|Publication number||US4364721 A|
|Application number||US 06/194,853|
|Publication date||Dec 21, 1982|
|Filing date||Oct 7, 1980|
|Priority date||Apr 17, 1979|
|Publication number||06194853, 194853, US 4364721 A, US 4364721A, US-A-4364721, US4364721 A, US4364721A|
|Original Assignee||Rainville Company, Inc.|
|Export Citation||BiBTeX, EndNote, RefMan|
|Patent Citations (8), Referenced by (19), Classifications (12), Legal Events (4)|
|External Links: USPTO, USPTO Assignment, Espacenet|
This is a continuation of application Ser. No. 30,813 filed Apr. 17, 1979 now abandoned.
One of the practical limitations on stretching a parison in a blowing mold for bi-axial orientation is that parts of the wall of the parison may be at somewhat different temperatures so that the parison wall stretches more on one side than the other and shifts to one side of the blow mold cavity so as to contact the cool wall of the cavity on one side before the parison can be stretched uniformly.
This invention has a restraining element in axial alignment with the core rod and the reciprocating element has an end face that is brought into contact with the parison, preferably before the blowing of the parison begins. As the parison is blown, the end face of the reciprocating element remains in at least a light contact with the parison and holds it on the center line of the blowing mold, while the end of the reciprocating element is held against the parison by a piston force produced by air pressure on the piston, the piston force being slightly less than the force produced by the pressure of the blowing air within the parison.
The surface of the reciprocating element that contacts with the end of the parison during the blowing operation controls the shape of the center portion of the bottom of the container that is formed in the mold cavity.
In the preferred embodiment of the invention, the parison is maintained at or above orientation temperature while on the core rod by circulating temperature-controlling fluid through the core rod.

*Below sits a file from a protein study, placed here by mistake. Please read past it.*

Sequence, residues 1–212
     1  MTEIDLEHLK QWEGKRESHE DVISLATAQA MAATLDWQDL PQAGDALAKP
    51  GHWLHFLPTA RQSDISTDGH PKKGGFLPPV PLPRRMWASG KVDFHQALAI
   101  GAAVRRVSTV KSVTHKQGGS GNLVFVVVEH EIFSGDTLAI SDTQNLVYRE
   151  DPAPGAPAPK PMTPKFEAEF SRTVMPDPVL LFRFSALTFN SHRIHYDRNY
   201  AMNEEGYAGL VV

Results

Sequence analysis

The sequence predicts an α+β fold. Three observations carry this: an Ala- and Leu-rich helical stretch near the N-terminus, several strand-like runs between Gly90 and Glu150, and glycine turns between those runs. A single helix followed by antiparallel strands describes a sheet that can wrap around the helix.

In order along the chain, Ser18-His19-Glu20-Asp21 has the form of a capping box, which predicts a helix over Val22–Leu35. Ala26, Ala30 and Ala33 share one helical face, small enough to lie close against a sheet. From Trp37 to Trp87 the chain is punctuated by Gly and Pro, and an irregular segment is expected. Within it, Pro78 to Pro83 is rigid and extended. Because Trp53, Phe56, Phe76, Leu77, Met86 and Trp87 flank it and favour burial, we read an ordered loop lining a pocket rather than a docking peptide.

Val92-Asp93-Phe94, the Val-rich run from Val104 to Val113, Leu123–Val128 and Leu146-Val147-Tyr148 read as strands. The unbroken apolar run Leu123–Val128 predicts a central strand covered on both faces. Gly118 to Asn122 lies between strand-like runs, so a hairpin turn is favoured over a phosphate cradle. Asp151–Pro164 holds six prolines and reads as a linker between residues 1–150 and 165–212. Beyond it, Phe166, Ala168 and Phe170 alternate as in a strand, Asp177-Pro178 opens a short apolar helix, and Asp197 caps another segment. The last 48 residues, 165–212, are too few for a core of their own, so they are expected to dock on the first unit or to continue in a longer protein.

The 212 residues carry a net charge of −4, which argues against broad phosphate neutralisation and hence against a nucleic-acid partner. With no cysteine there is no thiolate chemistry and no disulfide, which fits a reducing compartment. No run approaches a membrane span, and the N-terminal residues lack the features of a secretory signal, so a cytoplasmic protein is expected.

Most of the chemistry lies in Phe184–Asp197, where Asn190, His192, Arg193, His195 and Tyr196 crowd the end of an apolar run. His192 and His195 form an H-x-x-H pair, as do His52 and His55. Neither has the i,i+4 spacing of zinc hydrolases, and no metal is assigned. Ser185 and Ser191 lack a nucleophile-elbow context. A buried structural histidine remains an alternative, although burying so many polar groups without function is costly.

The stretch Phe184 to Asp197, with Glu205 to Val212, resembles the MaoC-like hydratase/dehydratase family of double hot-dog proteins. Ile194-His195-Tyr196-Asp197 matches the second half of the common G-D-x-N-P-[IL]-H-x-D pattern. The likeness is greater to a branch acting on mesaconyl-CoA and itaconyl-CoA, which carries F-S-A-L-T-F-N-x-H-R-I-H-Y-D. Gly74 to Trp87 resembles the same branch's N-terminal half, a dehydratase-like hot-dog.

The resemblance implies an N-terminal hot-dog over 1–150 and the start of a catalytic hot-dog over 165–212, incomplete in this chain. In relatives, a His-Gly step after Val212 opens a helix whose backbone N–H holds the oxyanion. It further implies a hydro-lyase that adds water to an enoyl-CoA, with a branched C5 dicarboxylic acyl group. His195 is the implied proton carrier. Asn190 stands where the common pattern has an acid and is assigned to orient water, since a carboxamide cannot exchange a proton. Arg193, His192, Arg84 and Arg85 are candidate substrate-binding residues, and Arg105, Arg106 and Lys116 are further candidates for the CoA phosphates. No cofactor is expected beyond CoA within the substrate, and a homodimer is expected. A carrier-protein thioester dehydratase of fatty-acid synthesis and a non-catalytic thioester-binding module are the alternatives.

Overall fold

Other objects, features and advantages of the invention will appear or be pointed out as the description proceeds.
In the drawing, forming a part hereof, in which like reference characters indicate corresponding parts in all the views:
FIG. 1 is a top plan view constituting a diagrammatic showing of an injection blow molding machine made in accordance with this invention;
FIG. 2 is an enlarged sectional view taken on the line 2--2 of FIG. 1;
FIG. 3 is a greatly enlarged sectional view taken on the line 3--3 of FIG. 1;
FIGS. 4-6 are views similar to FIG. 3, but showing successive steps in the operation of blowing an oriented container in the blowing mold, shown in FIG. 3;
FIG. 7 is a top plan view, on an enlarged scale, of the top face of the reciprocating element that contacts with the parison in FIGS. 3-6; and
FIG. 8 is a sectional view taken on the line 8--8 of FIG. 7.
FIG. 1 shows an injection blow molding machine 10 which has a generally triangular table 12 that rotates about a center post 14 and that has core rods 16 extending from the angularly related faces of the table 12. Two core rods 16 extend from each face of the generally triangular head 12 but more or fewer core rods can extend from each face of the head 12, depending upon the size of the head and the size of the articles that are to be blown.
Molten parisons are applied to each of the core rods in an injection mold 18 in accordance with conventional practice.
Upon completion of the injection operation, the mold 18 opens and the post 14 moves axially to lift the core rods 16 clear of the stationary portion of the mold 18 so that the head 12 can rotate through an angle of 120° to bring the core rods 16 into line with the cavities of a blowing mold 20 at the blow station of the machine 10. The blowing mold 20 is novel and will be described in detail in connection with other figures of the drawing. After the blowing operation, the head 12 again moves to shift the core rods through an angle of 120° about the axis of the post 14 so that containers 22 can be shifted from the blowing station of the mold 20 to a third station 24 at which the containers 22 are stripped from the cone rods 16. This stripper station 24 can be of conventional construction.